Through a mixture of surveys and individual case-studies, the tool should be able to paint a clearer picture of the skills and qualities people need in order to get involved in their communities. This information can be used by local bodies to understand which areas or groups of people are most in need of assistance and where to better focus their efforts. But more importantly, the tool can be used by local community groups themselves and the results played back so that people can reflect on their own skills, opportunities and behaviours.

The tool will also be designed so that it can collect not just information on behaviours and skills but also information about local organisations, community leaders, people who wish to be more actively engaged, and funding opportunities into a local 'civic directory'. The directory will be easily accessible and everybody in a particular area can tap into to it. This would allow it to really bring out the hidden opportunities and assets that everyone has and then link them with other people who may want to join up, get help or collaborate with one another - connecting the dots, which I personally think is a great feature.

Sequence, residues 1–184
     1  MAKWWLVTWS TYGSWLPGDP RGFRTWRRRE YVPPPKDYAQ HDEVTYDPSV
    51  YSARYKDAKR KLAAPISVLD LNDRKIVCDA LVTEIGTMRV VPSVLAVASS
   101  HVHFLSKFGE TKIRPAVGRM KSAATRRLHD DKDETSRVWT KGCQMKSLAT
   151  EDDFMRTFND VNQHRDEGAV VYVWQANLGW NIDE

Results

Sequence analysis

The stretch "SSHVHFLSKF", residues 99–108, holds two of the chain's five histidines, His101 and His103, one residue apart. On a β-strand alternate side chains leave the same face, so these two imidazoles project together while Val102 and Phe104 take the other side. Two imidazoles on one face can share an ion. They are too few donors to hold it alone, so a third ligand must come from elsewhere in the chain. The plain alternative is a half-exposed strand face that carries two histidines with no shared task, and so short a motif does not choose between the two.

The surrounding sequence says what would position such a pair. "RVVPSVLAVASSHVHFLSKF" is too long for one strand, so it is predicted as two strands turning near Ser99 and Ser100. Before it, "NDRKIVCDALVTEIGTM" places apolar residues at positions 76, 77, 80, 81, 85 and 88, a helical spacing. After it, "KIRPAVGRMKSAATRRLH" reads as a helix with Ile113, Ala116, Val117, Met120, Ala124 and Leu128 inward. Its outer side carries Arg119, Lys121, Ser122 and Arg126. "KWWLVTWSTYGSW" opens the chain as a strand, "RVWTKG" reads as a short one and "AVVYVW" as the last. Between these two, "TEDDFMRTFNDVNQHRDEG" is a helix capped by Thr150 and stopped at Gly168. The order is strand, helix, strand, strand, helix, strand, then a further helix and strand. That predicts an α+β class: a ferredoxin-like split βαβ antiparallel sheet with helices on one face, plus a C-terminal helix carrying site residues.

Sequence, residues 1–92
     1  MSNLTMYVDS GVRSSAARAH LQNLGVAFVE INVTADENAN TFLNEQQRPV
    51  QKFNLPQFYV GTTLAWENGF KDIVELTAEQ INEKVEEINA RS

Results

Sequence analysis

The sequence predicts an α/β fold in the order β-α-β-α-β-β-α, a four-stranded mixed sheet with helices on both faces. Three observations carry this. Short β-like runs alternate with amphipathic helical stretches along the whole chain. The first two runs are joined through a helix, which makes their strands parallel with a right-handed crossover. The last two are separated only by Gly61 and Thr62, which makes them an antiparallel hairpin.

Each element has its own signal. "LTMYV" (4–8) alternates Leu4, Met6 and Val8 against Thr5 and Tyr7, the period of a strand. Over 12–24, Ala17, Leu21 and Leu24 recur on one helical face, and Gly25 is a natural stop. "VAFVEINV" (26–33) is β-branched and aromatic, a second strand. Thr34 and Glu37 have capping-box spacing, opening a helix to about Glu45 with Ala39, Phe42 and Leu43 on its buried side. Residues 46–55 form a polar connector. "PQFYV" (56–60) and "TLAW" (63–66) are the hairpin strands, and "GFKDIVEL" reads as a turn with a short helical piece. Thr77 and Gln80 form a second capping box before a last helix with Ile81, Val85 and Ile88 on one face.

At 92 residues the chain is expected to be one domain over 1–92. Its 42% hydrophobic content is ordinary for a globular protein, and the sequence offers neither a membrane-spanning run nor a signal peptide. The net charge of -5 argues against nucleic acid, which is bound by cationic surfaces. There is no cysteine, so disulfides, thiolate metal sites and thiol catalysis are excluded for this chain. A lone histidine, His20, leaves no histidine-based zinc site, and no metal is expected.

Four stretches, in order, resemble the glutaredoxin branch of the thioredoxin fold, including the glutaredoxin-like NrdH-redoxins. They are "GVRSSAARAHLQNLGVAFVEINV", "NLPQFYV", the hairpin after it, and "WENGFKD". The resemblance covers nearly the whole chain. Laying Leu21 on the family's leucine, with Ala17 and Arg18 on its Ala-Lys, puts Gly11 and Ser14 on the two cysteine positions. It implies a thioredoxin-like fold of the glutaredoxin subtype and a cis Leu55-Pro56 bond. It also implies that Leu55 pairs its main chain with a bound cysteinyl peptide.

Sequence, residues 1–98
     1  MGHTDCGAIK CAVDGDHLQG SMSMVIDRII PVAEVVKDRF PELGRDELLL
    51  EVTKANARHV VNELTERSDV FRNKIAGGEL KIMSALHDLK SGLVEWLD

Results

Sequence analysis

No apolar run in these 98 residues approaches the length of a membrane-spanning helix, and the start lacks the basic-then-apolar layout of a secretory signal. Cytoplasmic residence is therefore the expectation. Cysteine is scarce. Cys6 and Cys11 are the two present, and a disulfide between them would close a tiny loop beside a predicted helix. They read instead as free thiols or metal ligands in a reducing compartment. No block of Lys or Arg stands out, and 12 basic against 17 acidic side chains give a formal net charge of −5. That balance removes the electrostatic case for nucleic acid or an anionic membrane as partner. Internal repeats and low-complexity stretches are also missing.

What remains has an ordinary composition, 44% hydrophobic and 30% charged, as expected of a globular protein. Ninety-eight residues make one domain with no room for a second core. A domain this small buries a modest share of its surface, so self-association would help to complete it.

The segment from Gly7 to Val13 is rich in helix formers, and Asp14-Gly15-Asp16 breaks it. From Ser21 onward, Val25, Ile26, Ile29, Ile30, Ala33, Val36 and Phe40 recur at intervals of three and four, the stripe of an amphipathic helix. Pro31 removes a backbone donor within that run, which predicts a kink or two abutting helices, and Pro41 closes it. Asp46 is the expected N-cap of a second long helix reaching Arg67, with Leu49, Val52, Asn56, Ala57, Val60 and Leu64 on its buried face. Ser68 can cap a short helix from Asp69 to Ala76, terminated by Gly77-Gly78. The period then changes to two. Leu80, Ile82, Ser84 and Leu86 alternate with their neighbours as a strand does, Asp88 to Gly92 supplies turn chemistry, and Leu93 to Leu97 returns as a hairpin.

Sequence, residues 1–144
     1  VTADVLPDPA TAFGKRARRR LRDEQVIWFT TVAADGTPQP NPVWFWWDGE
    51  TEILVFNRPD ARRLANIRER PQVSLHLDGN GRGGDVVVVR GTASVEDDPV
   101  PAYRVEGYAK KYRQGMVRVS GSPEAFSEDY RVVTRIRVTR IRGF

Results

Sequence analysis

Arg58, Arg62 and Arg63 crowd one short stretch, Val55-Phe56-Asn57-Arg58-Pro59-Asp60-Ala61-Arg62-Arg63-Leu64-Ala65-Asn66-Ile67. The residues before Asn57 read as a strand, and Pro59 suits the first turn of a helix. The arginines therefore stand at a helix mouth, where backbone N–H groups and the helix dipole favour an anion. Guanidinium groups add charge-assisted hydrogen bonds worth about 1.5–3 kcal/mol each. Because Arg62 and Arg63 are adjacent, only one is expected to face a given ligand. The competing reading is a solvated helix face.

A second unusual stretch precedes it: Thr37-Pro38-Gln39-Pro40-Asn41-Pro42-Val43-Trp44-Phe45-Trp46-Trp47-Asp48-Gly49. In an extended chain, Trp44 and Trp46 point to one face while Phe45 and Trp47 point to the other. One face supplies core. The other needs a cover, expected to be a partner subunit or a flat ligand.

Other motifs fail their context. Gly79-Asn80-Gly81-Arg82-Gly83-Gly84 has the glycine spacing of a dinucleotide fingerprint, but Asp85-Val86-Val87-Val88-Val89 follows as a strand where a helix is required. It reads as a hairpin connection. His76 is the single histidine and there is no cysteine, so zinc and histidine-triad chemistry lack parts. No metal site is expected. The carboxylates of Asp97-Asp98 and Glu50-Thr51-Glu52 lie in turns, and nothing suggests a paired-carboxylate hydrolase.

The first pilot of the tool will be trialled with recovering drug users involved in the Recovery Capital project. At a time when power is being handed back to the people, we can't assume that everybody has the ability to take advantage of these opportunities, especially the most vulnerable. So looking at the ability of people recovering from substance misuse and how they can be involved in the community, how they might access and shape the recovery services they use, their emotional well-being and a whole host of other areas will be key.

An immediate benefit of this scheme is that it allows Government to become more sensitive to the difference between communities, as place based innovation is different in each location, and centrally designed frameworks need to be tailored to meet those unique conditions.